My 2009 article “I am a Singularitian who does not believe in the Singularity” started interesting online discussions [ExI] [SL4]. I wrote this revised version after reading “Is It Time to Give Up on the Singularity?” on io9, by George Dvorsky and Ramez Naam.
George is the Chair of the Institute for Ethics and Emerging Technologies (IEET) and a Contributing Editor at io9, and Ramez is the author of the awesome Nexus and Crux, two of the best transhumanist science fiction novels of all times. A few months ago Ramez wrote a related guest post on Charlie Stross’ blog, “The Singularity Is Further Than It Appears.”
The title of the io9 piece could be interpreted as “fashionable Singularity-denialism” (as George elegantly puts it), but the article is good. Actually, I agree with almost everything, and in particular with the two main points of Ramez:
“I 100% believe that it’s possible, in principle, to create smarter-than-human machine intelligence, either by designing AIs or by uploading human minds to computers. And you’re right, I do talk about some of this in Nexus and my other novels. That said, I think it’s tremendously harder and further away than the most enthusiastic proponents currently believe.”
“I want to close by just saying that, despite not being big on the whole idea of a ‘Singularity’, I am wildly optimistic about the future. I do think there are going to be problems. I also think that, on balance, we’re going to see huge benefits for humanity.”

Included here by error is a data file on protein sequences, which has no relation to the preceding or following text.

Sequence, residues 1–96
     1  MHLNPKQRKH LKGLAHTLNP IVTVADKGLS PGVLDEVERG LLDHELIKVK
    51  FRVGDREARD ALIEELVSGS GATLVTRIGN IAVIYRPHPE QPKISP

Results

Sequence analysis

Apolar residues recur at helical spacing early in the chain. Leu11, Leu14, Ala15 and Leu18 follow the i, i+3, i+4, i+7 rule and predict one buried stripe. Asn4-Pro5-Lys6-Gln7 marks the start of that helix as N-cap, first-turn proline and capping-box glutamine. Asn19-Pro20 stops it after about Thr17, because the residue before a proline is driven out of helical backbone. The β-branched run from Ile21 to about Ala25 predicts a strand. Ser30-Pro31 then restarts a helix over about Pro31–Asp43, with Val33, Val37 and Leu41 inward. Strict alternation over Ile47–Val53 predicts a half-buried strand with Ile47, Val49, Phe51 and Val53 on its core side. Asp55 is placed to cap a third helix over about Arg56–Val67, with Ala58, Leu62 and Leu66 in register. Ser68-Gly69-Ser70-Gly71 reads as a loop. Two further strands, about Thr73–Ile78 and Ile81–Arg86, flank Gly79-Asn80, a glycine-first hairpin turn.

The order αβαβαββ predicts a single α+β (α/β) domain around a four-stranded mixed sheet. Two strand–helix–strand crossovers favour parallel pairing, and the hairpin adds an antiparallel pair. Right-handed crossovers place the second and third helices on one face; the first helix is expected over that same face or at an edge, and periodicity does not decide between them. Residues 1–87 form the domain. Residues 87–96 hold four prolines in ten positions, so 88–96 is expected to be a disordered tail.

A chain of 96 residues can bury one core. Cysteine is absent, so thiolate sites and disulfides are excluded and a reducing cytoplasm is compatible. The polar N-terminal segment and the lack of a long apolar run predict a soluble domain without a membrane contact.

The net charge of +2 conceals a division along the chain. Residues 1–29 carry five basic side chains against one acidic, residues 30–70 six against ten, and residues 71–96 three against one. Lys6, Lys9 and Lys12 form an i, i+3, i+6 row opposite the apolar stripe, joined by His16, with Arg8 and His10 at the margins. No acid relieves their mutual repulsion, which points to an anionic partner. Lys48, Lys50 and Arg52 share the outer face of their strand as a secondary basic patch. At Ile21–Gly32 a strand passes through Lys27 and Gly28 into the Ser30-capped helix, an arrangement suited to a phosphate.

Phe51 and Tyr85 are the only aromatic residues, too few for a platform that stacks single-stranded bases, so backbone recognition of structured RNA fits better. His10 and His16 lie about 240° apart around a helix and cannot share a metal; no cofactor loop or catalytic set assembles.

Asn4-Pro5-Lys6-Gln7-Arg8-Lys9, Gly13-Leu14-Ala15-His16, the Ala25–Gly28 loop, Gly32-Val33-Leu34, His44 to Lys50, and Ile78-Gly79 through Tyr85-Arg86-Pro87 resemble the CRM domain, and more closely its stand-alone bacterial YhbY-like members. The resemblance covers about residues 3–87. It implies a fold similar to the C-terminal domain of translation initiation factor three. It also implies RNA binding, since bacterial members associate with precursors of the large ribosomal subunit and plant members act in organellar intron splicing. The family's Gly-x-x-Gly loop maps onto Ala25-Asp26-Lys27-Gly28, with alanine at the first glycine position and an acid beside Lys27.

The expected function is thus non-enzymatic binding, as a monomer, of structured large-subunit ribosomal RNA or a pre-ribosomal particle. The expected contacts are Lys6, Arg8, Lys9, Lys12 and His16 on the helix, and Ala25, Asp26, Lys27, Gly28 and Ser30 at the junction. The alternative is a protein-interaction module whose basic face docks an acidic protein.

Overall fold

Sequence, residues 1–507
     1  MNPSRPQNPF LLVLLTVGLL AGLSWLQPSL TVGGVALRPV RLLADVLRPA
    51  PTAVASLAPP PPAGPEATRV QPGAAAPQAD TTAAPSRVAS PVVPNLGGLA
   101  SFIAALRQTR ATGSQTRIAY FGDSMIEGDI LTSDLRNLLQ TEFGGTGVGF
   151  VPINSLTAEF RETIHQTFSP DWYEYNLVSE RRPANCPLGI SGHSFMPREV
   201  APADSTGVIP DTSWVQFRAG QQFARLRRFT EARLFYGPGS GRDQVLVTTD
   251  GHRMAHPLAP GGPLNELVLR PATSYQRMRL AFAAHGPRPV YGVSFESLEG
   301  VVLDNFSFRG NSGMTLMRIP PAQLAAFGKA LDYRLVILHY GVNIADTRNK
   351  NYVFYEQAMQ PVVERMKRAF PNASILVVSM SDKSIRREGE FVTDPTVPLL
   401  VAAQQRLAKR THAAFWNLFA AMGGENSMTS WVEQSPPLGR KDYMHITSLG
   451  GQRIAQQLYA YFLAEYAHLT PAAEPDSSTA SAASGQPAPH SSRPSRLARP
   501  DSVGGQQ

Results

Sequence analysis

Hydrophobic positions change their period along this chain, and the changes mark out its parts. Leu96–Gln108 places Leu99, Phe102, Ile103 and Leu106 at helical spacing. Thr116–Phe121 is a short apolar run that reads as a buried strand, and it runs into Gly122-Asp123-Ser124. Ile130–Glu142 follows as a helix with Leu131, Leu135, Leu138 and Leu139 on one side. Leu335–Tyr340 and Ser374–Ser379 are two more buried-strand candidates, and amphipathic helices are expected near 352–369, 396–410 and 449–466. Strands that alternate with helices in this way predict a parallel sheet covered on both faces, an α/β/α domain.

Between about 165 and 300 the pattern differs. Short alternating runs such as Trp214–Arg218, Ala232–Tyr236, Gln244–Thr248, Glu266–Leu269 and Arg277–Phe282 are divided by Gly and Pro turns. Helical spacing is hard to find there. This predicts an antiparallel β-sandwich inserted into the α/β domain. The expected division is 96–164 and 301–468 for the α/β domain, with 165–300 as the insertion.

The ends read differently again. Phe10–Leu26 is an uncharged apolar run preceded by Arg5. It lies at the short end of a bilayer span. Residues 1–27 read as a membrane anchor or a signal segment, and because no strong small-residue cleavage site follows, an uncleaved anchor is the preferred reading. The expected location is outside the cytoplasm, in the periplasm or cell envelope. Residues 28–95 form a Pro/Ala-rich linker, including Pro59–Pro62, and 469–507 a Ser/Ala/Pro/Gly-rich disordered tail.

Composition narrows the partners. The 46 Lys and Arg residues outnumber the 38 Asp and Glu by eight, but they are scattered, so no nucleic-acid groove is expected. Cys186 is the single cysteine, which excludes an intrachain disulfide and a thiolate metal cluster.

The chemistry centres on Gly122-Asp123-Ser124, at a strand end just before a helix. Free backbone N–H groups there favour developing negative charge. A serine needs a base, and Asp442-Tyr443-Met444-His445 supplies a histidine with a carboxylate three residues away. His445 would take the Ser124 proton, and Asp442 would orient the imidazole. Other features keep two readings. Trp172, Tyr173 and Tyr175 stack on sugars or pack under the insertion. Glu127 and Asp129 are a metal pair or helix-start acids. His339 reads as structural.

According to the (current) Wikipedia definition, “the technological singularity, or simply the singularity, is a hypothetical moment in time when artificial intelligence will have progressed to the point of a greater-than-human intelligence, radically changing civilization, and perhaps human nature. Because the capabilities of such an intelligence may be difficult for a human to comprehend, the technological singularity is often seen as an occurrence (akin to a gravitational singularity) beyond which the future course of human history is unpredictable or even unfathomable.”
In other words, the Singularity is a sudden catastrophic (in the mathematical sense) phase transition, a Dirac delta in history, a point after which the old rules are not valid anymore and must be replaced by new rules which we are unable to imagine at this moment. It is, as Ramez says, “a divide-by-zero moment, when the value goes from some finite number to infinity in an eye blink.”
But in the real world there is never a divide-by-zero, and “infinite” means just big. Very big, perhaps huge, but still finite. The Singularity is a clean mathematical concept – perhaps way too clean, if you ask me. Engineers know that all sorts of dirty and messy things happen when one leaves the clean and pristine world of mathematical models and abstractions to engage actual reality with its thermodynamics, friction, and grease.